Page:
Facebook and Kids: Social Support or Dangerous Distraction? (page 2)
- Sharpening Kids' Social Skills Before Back-to-School
- 7 Cringe-Worthy Facebook Faux Pas
- Internet for Kids: 7 Ways to Protect Your Kid Online
- A Parent's Guide to Facebook
- The Pros and Cons of Social Networking for Teenagers: A Parent’s Guide
- Is Your Child Spending Too Much Time On Facebook?
It's the most popular social network in the world, and both kids and adults feel the pull towards signing up for their own profile. According to a 2011 Pew Internet Report, 80% of teenagers use social media—and within that group, 93% have a Facebook account. Technically, kids under 13 can't even use Facebook under the Children's Online Privacy Protection Act, but a 2011 Consumer Report study shows that nearly eight million children have accounts—and those are just the ones who have told their parents about it.
Parents who feel overwhelmed by the ever-changing role of social media aren't alone. Whether you want to ban it from your child or are ready to sign up yourself, here are some points to consider.
Honesty is the Best Policy
Your young child may beg you for internet access and a Facebook account, but that might require you to compromise your ethics. Dr. Gwen O'Keeffe, spokeswoman for the American Academy of Pediatrics, notes that setting up an account for a child under 13 means that the child or adult must lie about age, "which is one of the cardinal rules we tell kids not to ever break when they're online."
A Million Distractions
Just because your teen is busy typing away doesn't mean she's working hard on her homework. Facebook is a tempting diversion for anyone, and can drastically affect her performance in school. Dr. Larry Rosen, professor and author of Rewired: Understanding the iGeneration and the Way They Learn, found that Facebook is one of the most popular distractions for teenagers.
Facebook isn't all bad, though. In fact, it can help teens develop relationship skills by gaining a better understanding of other people's feelings. When kids see others sharing their personal feelings online, it's easier for them to empathize and identify with their experiences, and comment with support, says Rosen.
Keeping in Touch
Many adults keep up meaningful relationships on Facebook, and kids can do the same with their families and friends. Chatting and sharing photos and videos of events like performances, trips and graduations helps kids stay connected to her loved ones, far and wide.
One thing is for sure, social media is here to stay. If you're ready to jump on board, here are some ways to help your child translate these online skills to the real world.
Point to Positives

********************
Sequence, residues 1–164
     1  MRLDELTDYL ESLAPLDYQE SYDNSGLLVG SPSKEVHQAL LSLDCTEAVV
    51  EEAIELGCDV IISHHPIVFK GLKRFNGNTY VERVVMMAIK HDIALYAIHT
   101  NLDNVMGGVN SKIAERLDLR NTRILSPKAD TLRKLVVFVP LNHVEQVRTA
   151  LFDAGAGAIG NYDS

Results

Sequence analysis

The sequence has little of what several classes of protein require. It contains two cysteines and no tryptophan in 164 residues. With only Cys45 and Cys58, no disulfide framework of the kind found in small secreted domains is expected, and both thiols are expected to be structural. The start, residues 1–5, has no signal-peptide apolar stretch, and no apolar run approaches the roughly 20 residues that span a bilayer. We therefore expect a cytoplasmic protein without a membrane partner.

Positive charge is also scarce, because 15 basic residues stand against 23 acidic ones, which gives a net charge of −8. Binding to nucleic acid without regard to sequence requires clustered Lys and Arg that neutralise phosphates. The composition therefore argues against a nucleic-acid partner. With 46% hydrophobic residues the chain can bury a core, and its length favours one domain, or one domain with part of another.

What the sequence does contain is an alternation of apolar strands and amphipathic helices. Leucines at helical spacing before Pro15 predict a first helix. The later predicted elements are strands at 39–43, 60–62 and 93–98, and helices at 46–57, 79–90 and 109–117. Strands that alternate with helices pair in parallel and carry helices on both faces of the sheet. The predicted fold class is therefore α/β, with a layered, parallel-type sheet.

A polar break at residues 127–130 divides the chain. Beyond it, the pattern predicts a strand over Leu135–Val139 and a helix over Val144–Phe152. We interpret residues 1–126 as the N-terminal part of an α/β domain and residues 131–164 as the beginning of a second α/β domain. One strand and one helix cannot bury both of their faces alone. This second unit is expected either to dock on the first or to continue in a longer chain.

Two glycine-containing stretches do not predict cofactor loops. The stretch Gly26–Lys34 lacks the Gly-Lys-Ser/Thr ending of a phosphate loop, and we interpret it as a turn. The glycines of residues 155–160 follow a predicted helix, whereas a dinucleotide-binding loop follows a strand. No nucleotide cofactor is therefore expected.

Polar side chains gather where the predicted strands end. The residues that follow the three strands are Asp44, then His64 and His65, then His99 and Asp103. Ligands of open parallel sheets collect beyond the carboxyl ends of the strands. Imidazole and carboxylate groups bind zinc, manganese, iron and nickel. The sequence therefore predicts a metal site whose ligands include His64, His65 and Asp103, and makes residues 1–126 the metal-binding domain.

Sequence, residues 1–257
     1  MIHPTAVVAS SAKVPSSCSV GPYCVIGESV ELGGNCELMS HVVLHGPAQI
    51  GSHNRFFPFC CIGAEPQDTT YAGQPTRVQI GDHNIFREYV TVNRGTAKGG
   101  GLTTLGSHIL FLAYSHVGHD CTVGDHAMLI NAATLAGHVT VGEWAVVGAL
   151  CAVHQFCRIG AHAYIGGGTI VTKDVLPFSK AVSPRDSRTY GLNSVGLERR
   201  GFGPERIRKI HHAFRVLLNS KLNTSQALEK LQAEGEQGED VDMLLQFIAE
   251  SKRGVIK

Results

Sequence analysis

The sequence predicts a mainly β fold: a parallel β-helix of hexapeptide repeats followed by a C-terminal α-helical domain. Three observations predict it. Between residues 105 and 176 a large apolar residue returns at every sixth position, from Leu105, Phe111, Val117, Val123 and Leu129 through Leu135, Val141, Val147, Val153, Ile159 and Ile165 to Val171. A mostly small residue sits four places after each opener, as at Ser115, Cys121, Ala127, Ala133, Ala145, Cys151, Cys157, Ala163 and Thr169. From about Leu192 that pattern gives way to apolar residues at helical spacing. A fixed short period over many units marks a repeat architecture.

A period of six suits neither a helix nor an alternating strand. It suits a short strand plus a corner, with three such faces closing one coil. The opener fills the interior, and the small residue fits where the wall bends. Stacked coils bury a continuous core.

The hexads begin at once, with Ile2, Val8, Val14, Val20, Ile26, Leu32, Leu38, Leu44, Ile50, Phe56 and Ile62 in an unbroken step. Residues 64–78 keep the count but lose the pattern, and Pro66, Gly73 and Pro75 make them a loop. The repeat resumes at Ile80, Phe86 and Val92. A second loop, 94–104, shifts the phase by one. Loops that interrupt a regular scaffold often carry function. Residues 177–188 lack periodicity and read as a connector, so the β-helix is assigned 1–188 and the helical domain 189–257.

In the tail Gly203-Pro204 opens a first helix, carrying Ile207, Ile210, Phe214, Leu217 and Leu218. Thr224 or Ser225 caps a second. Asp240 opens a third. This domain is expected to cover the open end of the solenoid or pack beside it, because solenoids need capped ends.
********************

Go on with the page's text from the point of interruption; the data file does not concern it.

Shy kids often fear the worst, believing that others will make fun of their profiles or leave mean comments. Rosen suggests paying attention to your child's account and pointing out the positive comments and reactions it gets. Social media can be a great way to gain self-awareness and confidence because it isn't a face-to-face interaction. Once she's comfortable talking through Facebook, she'll come around to real life interactions.
Another lesson children can take away from internet socialization is not reacting instantly to posts. By thinking through their posts beforehand, children can carefully consider whether or not their comment is productive or harmful, suggests Dr. Rosen. Internet conversations live forever, so observing a grace period before writing anything online is a good idea.
Facebook can be distracting in a lot of ways, both emotionally when you're wondering who's commenting on your profile, and externally as alerts and updates bombard your phone or computer. Rosen suggests turning off the program when it's time to work, and scheduling short "tech breaks" for your child to blow off some steam and check her profile.
Lead by Example
Better yet, offer the "tech break" compromise for the whole family, so everyone has a chance to put down their computers and phones and enjoy each others' company. While your child does homework, curl up with a good book or have a chat with your spouse to show your child that there are many other ways to spend time outside of the internet. Your teen will be able to see the actual benefits of less screen time without feeling like you're just trying to control her.
It's easy to feel overwhelmed by the ever-shifting Facebook phenomenon, but keep in mind that a lot of things, including communication, understanding and spending quality time together, are still essential to raising healthy kids. Social media won't be disappearing anything soon, so the best time to talk to your child might be right now.